The ancient art of calligraphy has been around for many centuries and is said to have originated in China in the 7th century, AD, when the first Buddhist manuscripts written in syllabic script started circulating through Asia and beyond.
In Europe, the Latin alphabet developed into Roman imperial capitals in Rome around 600 BC, with the script evolving over centuries until becoming what it is today.
Calligraphy, which is described as decorative, handwritten lettering, was typically reserved for manuscripts of great importance, such as the Bible and the Quran. These days, calligraphy has morphed into an art form used for various purposes. Here are four ways calligraphy is used today.
Posters or invitations for special events are created to inform what the occasion is all about – without the use of too many words that might clutter up a beautiful design. This is where designers turn to calligraphy to set the tone of the event.
A wedding invite with curvaceous, elegant lettering on vintage paper lets recipients know that this is bound to be a sophisticated affair. A poster announcing a certain event with the use of whimsical scripture evokes feelings of warmth and playfulness, hence, interested parties won’t be at the risk of mistaking the occasion for an industrial rave.
Calligraphy is not only beautiful, it conveys emotion and evokes certain feelings which is exactly the idea behind its use in commercial advertising.
Whether it’s the blackboard of your cool local cafeteria announcing this weeks’ specials with eye-catching handwritten letters or the brand-name of a bridal boutique selling luxurious gowns and bridesmaids dresses, one look at these gorgeously crafted letters will immediately tell us a story and inform what the establishment is offering.
Business owners and proprietors are always looking for different, creative ways to make their brand-name stick and, one of the main marketing methods is the creation of attractive advertising materials and client gifts with a strong presence of your logo or brand-name.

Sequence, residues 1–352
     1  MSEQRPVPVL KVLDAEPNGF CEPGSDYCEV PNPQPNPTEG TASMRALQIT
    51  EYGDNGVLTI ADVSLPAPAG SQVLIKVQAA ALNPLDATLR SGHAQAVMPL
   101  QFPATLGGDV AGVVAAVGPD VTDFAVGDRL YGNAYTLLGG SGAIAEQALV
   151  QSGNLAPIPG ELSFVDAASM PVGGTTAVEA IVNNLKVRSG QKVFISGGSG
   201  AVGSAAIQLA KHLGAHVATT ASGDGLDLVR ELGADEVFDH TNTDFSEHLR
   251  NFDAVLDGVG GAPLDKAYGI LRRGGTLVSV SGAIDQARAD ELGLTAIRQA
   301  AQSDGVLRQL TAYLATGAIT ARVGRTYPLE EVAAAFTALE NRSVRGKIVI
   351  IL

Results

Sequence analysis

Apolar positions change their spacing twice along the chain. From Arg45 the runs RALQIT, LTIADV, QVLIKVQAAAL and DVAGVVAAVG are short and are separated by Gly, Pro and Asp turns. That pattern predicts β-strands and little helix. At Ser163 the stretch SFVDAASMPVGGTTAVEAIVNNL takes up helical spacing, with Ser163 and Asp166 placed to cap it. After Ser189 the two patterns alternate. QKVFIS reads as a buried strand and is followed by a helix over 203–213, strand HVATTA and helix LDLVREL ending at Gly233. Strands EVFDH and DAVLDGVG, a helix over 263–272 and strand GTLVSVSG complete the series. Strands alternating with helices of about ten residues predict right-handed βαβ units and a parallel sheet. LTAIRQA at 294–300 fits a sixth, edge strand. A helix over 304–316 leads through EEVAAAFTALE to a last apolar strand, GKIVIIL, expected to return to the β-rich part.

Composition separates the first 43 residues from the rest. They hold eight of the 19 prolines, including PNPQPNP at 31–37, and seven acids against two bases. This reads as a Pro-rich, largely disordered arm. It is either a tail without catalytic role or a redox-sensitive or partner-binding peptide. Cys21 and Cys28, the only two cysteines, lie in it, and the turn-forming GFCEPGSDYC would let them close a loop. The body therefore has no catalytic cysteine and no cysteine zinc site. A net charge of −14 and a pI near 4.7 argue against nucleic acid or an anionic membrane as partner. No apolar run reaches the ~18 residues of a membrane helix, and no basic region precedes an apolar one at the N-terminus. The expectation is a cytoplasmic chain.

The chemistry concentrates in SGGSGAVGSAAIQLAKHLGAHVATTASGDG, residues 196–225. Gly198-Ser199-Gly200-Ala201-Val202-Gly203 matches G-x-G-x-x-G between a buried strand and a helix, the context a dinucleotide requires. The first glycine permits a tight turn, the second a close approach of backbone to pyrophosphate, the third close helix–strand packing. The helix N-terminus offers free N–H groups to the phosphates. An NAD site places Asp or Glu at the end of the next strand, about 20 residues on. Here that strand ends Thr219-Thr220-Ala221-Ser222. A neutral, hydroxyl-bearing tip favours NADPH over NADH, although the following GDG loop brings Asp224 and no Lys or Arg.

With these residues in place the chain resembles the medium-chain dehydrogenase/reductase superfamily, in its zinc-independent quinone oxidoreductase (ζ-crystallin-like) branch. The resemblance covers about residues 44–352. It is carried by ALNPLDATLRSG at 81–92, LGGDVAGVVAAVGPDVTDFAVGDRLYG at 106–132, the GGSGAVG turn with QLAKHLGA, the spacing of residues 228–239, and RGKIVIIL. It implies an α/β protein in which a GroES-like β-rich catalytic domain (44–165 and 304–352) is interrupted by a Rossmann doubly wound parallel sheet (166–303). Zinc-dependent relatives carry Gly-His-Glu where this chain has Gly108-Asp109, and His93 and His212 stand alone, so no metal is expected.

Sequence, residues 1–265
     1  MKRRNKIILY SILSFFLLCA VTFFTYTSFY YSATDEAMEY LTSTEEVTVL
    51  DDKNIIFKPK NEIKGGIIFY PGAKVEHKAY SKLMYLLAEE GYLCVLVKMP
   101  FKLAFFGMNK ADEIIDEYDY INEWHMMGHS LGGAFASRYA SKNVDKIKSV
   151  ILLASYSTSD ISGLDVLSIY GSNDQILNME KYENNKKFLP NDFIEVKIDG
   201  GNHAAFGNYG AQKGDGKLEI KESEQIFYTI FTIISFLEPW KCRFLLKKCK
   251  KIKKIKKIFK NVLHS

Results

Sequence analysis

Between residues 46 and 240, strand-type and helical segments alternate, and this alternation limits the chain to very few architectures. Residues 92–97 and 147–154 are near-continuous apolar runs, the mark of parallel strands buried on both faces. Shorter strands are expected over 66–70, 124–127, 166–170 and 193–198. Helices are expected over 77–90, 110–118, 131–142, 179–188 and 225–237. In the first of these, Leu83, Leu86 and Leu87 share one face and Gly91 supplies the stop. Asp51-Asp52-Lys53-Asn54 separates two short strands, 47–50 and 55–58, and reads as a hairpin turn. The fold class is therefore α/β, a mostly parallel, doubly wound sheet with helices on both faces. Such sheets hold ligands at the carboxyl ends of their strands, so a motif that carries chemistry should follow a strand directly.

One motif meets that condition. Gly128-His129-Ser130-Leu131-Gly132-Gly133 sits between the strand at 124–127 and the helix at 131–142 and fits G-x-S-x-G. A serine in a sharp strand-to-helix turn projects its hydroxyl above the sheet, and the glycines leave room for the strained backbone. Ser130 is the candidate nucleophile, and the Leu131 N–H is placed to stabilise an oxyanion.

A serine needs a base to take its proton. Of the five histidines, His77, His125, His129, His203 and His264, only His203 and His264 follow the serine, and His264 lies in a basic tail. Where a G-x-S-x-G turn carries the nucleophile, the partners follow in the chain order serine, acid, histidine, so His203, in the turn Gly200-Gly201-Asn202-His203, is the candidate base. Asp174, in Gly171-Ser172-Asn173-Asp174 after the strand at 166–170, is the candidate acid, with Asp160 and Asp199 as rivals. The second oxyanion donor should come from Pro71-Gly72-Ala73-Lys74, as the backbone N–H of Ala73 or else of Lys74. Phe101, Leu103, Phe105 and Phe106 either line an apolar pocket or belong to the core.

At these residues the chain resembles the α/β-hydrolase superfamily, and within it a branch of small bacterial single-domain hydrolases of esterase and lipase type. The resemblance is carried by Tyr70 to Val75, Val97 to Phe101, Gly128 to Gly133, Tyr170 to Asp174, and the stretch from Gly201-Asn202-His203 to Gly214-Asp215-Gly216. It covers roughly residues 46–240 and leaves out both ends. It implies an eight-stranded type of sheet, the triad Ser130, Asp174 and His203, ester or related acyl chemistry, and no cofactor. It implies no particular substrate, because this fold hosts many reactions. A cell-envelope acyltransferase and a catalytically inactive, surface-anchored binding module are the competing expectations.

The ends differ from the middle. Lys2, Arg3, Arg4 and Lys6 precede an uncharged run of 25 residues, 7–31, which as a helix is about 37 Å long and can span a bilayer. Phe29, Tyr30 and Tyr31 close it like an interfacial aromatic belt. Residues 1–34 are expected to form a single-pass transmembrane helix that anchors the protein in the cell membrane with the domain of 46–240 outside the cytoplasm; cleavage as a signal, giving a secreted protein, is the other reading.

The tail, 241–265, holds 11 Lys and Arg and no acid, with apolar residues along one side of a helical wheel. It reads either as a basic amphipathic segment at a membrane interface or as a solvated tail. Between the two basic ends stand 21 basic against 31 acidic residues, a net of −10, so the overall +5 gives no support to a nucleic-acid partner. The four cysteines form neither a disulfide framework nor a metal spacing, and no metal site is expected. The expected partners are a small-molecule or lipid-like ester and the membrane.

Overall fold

Stationary materials such as post-it pads, pens, postcards etc. have always worked wonders for establishments such as hotels, restaurants and other social institutions. Presented in calligraphy, the brand-name enhances the attractiveness of the product and will serve as a constant reminder of the company.
Books no longer tend to be printed with calligraphic scripture, but graphic novels certainly do – the calligraphy present in the works of Dave Sim’s Cerebus, for example, spans different styles and very much informs the time and setting of the story, as well as the characters’ emotional landscapes.
Though we tend to think of most graphic novels to be written in Comic Sans and the like, many artists team up with renowned letterers who can tell an entire story through their choice of lettering.
Delve deeper into the world of graffiti and you’ll come to find that, not only is this street art form very much steeped in lettering, it also has its very own calligraphic style known as calligraffiti.
Some of the most inspiring urban artists of the moment dabble with different forms of calligraffiti, most of which are shared on their preferred canvas – the streets – and some of which even make their way into public institutions such as The San Francisco Opera, where L.A. based calligraffiti artist, Retna, designed the backdrop for Aida, thanks to his inspirational use of hieroglyphics.
A lot of people have one image in mind when it comes to meditation – that of a yogic figure sitting cross-legged, with their fingers in different mudras, chanting om mani padme hum.
The truth is, however, that there are many forms of meditation, many of which are quite creative and active, such as drawing mandalas and, yes, you guessed it, practicing calligraphy. It is a meditative practice in that it promotes a deep-seated focus on beauty that will reconnect you to the steadiness of your breath. So, if the traditional form of meditation does nothing for you, try taking up calligraphy instead.